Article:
The unconventional form of this novel is explained by the author in terms of its fictional conception. After the death of his grandfather, the narrator found a chest full of manuscripts, letters and wills belonging to generations of the Abramson family. From this vast treasury he selected some 60 items around which the novel was constructed. The book is divided into three parts. The first, entitled "Chameleon," is a compilation of short entries; the second, entitled "Nightingale," supplies further information; the third, called "My Brother," is a novel in the form of a diary. This seemingly complicated structure enables the author to elaborate on various experiences in a richly textured prose that is both epic and humorous. The novel thus becomes a cunningly disguised autobiography in which the individual's life merges with the history of his people and personal experiences gain added depth and breadth. Tammuz himself described his new novel as, "An Annotated Catalog of Human Behavior."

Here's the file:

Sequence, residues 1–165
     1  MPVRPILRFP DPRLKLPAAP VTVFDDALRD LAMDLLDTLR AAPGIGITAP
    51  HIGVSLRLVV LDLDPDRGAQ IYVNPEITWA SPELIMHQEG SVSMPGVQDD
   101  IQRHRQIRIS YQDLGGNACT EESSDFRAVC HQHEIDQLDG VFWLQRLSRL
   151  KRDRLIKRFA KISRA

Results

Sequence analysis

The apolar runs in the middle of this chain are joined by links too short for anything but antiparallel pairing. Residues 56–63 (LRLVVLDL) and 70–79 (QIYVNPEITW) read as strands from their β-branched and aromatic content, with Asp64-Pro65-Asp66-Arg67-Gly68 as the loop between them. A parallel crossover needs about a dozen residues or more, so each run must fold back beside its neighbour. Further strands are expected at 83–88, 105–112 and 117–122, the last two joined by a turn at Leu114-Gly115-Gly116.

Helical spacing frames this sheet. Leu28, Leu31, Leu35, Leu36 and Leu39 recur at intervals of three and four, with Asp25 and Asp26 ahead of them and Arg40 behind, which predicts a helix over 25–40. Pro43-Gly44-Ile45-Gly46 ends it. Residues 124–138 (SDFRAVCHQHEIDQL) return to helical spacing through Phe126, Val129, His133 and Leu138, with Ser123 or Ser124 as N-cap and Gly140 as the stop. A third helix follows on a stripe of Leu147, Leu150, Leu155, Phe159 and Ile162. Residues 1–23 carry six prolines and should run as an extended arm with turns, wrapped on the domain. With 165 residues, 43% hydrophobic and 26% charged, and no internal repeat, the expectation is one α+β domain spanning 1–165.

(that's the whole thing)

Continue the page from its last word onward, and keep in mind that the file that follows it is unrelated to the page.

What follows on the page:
Chameleon and Nightingale proves that the distinction we make between conventional and avant-garde literature is risky. In the end we choose between good and bad writing. Tammuz's novel, the product of good writing and an unusual structure, reveals a great writer.
Tammuz is indeed a very clever writer. In this novel he again achieves a literary coup.
It is like a vast crossword puzzle...with the clues being revealed paragraph by paragraph.
Critic Yigal Schwartz
English translation available (for publishers only)